Calling People Dogs: Juxtaposing Jesus and Trump

Calling People Dogs: Juxtaposing Jesus and Trump September 9, 2018

Calling people dogs seems to be common these days. But Jesus called a woman a dog.  Why can’t the president? Why can’t we?  What’s the difference?  Careful study of this text from Mark 7:25 – 30 shows us that there is a huge difference.

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Exhibit A.

A woman whose little daughter had an unclean spirit immediately heard about him, and she came and bowed down at his feet. 26 Now the woman was a Gentile, of Syrophoenician origin. She begged him to cast the demon out of her daughter. 27 He said to her, “Let the children be fed first, for it is not fair to take the children’s food and throw it to the dogs.” 28 But she answered him, “Sir, even the dogs under the table eat the children’s crumbs.” 29 Then he said to her, “For saying that, you may go—the demon has left your daughter.” 30 So she went home, found the child lying on the bed, and the demon gone. (Mark 17:25 – 30).

Exhibit B.

“You wouldn’t believe how bad these people are. These aren’t people. These are animals.”

Exhibit C.

“When you give a crazed, crying lowlife a break, and give her a job at the White House, I guess it just didn’t work out. Good work by General Kelly for quickly firing that dog!”

In light of our Gospel passage today from Mark 7:24 – 37, we might ask: Well, if Jesus called a woman a dog, why can’t the president?

What’s wrong with calling people dogs, calling them  ‘animals’?

I’ll admit, growing up, I heard this kind of language from certain family members.  We would drive through a particular section of town where black families lived and my family member would always say, “Look at all those porch monkeys.  Better lock your doors.”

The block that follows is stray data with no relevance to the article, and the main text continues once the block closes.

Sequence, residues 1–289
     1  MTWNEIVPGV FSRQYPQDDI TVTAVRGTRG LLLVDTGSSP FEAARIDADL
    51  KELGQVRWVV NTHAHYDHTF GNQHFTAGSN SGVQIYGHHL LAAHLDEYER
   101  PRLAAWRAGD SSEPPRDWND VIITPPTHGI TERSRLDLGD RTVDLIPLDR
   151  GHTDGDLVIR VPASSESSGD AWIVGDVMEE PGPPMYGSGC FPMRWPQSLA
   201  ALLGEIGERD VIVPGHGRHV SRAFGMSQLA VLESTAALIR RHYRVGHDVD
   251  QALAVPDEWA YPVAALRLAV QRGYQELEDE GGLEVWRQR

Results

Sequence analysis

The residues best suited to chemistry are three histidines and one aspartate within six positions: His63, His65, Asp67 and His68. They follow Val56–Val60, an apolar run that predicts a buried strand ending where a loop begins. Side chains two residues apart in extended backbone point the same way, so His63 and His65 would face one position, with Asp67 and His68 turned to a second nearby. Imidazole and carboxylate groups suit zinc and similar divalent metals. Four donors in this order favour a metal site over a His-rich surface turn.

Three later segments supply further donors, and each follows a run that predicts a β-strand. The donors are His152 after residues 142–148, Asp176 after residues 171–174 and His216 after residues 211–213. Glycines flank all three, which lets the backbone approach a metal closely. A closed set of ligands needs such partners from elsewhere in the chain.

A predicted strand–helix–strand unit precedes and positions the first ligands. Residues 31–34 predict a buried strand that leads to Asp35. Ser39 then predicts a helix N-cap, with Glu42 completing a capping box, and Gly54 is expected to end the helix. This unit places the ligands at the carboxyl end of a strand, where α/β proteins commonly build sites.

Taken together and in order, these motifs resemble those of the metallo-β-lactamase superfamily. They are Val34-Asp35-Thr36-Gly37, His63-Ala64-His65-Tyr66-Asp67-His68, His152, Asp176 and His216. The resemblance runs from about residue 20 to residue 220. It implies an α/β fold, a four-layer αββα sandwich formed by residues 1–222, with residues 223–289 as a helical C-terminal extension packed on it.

What did this communicate to my young mind?  These people were different, less than human, possibly entertaining, but not to be trusted.  Dangerous, like wild animals.

Of course, in one sense, all human beings are, in fact, ‘animals.’ We are all mammals.  We’re warm-blooded, we nurture our young, we have hair.  That is a biological fact.

But when people use that word to insult other people, they are working from a commonly held worldview wherein humans occupy the top of the moral pyramid, and animals lurk at the bottom.  It’s part of a pattern of seeing people who are unlike ourselves as beasts or monsters.

Our language animalizes people, thus dehumanizing them.  We call women “cows,” “cougars,” and other words I can’t say in the pulpit.  White people have called black people “coons,” “apes,” and “dogs.” And did you know that it was a practice in medieval Europe to hang an ape and a dog on the gallows when a Jew was executed?

See, if a person is not truly human, logic dictates that they can be brutalized and exterminated like any other nuisance or threatening beast.  It hearkens back to whites in the 1600’s (and continuing to this day) labeling people in Africa as “savages” and “beasts.” This opened the way to treating them as such – animals to be owned, worked to death, beaten, raped, and killed for sport.

Certainly, this is not what Jesus intended when he called the Syrophoenician woman a dog. But his words make us cringe, nevertheless.

In his exchange with the woman – whose tribe was outside of his own – when she is begging for healing for her daughter, Jesus words are like fingernails on the chalkboard.

“It is not fair to take the children’s food and throw it to the dogs,” (v. 27).